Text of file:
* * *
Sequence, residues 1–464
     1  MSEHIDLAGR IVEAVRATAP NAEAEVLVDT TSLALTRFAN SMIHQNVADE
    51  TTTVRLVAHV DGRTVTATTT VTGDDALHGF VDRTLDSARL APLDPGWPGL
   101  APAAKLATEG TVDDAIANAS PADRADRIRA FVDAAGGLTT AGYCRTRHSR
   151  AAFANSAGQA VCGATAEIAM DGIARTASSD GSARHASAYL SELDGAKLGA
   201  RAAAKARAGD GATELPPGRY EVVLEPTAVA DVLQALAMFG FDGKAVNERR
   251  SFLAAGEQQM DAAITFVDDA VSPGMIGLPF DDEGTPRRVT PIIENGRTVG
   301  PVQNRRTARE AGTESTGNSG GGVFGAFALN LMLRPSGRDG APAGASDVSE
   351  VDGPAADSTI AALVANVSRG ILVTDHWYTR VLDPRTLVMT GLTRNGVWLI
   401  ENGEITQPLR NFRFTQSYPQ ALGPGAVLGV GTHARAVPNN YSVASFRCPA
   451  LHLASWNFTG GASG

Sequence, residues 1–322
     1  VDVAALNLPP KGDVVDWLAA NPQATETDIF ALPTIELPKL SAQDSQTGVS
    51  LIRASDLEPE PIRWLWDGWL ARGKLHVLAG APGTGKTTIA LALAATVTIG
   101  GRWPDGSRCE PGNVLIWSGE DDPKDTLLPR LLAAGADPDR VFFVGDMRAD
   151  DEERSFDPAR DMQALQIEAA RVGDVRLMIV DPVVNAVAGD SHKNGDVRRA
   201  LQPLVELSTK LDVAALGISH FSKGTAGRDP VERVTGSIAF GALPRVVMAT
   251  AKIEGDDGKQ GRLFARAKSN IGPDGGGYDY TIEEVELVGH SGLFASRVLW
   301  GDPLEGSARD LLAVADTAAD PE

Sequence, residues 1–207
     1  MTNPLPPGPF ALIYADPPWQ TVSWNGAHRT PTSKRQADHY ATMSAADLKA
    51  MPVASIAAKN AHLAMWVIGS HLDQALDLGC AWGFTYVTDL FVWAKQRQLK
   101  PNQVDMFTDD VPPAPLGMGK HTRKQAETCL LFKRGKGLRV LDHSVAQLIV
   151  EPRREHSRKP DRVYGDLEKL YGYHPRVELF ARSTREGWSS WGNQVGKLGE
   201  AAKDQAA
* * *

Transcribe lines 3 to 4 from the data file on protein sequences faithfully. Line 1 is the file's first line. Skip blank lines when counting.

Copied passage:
    51  TTTVRLVAHV DGRTVTATTT VTGDDALHGF VDRTLDSARL APLDPGWPGL
   101  APAAKLATEG TVDDAIANAS PADRADRIRA FVDAAGGLTT AGYCRTRHSR